Following World War II, ambitious economic and social policies were legitimized by the widespread belief that governments would be able to control the economy and businesses by manipulating key macroeconomic variables and, at the same time, ensure social justice and equality in the distribution of wealth. As a consequence, the complexity and number of policies aimed to meet this challenge and regulate the market increased considerably. This was accompanied by a rapid increase in the number and scope of legislative policies. Both the quality and the quantity of such policies began to have their effects on the functioning of the economy. In particular, the regulation of business became a major objective and feature for policymakers.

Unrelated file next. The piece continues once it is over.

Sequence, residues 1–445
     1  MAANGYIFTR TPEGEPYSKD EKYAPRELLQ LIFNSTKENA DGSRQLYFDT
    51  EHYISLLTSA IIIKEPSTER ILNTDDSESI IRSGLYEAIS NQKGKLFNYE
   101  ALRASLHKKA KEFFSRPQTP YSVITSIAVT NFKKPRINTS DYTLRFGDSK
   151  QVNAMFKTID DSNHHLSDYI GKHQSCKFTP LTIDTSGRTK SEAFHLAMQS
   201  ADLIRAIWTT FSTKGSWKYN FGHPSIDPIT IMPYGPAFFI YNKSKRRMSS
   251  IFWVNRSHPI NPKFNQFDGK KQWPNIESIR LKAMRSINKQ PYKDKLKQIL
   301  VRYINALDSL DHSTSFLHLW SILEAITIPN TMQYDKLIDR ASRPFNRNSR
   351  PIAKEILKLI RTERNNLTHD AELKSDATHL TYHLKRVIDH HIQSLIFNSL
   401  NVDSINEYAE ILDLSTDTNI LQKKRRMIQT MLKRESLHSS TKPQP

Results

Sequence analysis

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Erasmus University Rotterdam

van der Horst, R. (Robert), Nijsen, A. (Andre), & Gulhan, S. (2008). Regulatory Policies and Their Impact on SMEs in Europe: The Case of Administrative Burdens. In The Blackwell Handbook of Entrepreneurship (pp. 128–149). doi:10.1002/9781405164214.ch7